Road tolls of £1.34 per mile may be in place in five years

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A huge pilot scheme to test the Government's plans for nationwide road tolls will form part of the biggest transport project ever attempted in Britain.

A huge pilot scheme to test the Government's plans for nationwide road tolls will form part of the biggest transport project ever attempted in Britain.

Government sources said yesterday that Leeds, Manchester or the West Midlands could be the guinea pigs for a congestion charge of up to £1.34 a mile suggested by a controversial consultation paper last summer.

The Transport Secretary, Alistair Darling, will register on Thursday his determination to introduce a parliamentary Bill before the next election, which will make the pilot scheme possible within five or six years.

When the Government document was published last year, sceptics doubted whether there was any real intention to introduce the tolling system.

But Mr Darling told yesterday's Independent on Sunday: "You could dance around this for years, but every year the problem is getting worse. We have got to do everything we can during the course of this Parliament to decide whether or not we go with road pricing."

Under the system, a "black box" would be inserted in every car to monitor how far the car was travelling, on which road and at what time of day. The data would then be transmitted via satellite to a central computer that would decide how much the motorists should pay.

In order to reduce congestion, a motorist travelling on the M25 in rush hour would normally pay the premium rate of £1.34. If he or she were driving on a B road at 2am they would pay as little as 2.4p, according to last summer's report.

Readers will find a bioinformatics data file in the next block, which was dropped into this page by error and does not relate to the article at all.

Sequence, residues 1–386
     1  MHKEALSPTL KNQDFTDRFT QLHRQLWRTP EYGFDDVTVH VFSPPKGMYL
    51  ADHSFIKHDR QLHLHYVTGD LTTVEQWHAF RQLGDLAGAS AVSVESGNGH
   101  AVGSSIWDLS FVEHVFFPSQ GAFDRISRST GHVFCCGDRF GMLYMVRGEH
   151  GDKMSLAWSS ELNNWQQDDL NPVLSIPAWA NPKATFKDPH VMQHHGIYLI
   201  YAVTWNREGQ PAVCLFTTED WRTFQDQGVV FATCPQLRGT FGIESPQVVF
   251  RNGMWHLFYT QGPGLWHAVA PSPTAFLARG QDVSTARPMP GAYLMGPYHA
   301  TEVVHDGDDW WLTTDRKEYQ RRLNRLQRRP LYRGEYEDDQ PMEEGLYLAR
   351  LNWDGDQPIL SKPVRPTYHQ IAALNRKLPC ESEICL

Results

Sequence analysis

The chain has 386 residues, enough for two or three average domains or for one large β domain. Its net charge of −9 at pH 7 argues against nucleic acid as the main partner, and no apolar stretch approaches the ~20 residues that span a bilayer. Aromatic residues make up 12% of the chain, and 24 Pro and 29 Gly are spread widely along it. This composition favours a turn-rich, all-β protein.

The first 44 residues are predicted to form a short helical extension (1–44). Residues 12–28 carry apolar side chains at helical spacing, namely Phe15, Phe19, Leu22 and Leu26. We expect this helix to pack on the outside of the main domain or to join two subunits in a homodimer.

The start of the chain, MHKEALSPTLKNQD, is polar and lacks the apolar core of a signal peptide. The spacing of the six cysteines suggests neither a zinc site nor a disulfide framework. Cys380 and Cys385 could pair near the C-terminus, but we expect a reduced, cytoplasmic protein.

It is intended that the levy will replace fuel duty. But Mr Darling was more equivocal about the abolition of car tax - something he said would be scrapped in briefings last year. That is now just a "possibility".

Speaking at a conference sponsored by the Social Market Foundation this Thursday, Mr Darling will reiterate his conviction that a national consensus will need to be built in the next Parliament if the scheme is to win public acceptance. He will warn that without a system to encourage people to drive during "off- peak" hours or to travel on public transport, Britain faces "LA-style gridlock".

Mr Darling will acknowledge that a scheme on the scale being contemplated by his department has never been tried anywhere before. Road pricing systems operate in Australia and America, but they are tiny in comparison.

Germany has introduced a nationwide toll system for lorries using satellite technology, and Britain is due to follow suit in 2008. But there are only 500,000 lorries on British roads, compared to 25 million cars.

Mr Darling will set out his belief that satellite navigation kits will be fitted as standard in every car in 10 years' time, and that the technology could be used for the road charge.

Significantly, there was no opposition from the Conservatives. While Alan Duncan, Shadow Transport Secretary, warned that it should not be "another stealth tax", he said Tories accepted the need for "modern solutions" to the problems of traffic congestion.

Bert Morris, director of the AA Motoring Trust, said: "It's feasible, the question is, is it politically acceptable? Will people affected think they are better off or worse off?"

Tony Bosworth, of Friends of the Earth, said the initiative could play a vital part in tackling Britain's transport crisis, but it was no "magic wand". He pointed out that national road pricing would not be introduced for years. "We need action now," he said.

Tony Grayling, assistant director of the Institute for Public Policy Research and a former government transport adviser, said ministers would need to decide what to do with the revenue raised. "Do you use it to reduce motoring taxes, such as vehicle excise duty or fuel duty - which I think the Government is mooting - or do you ring fence it for spending on improving the transport system? Alternatively, it could go into the general tax coffers, which wouldn't be particularly popular," he said.

Terence Bendixson, secretary of the Independent Transport Commission at the University of Southampton, said the scheme could be beneficial to the environment, but that "problems include the effect on low-income drivers and the possibility of a technological fiasco."

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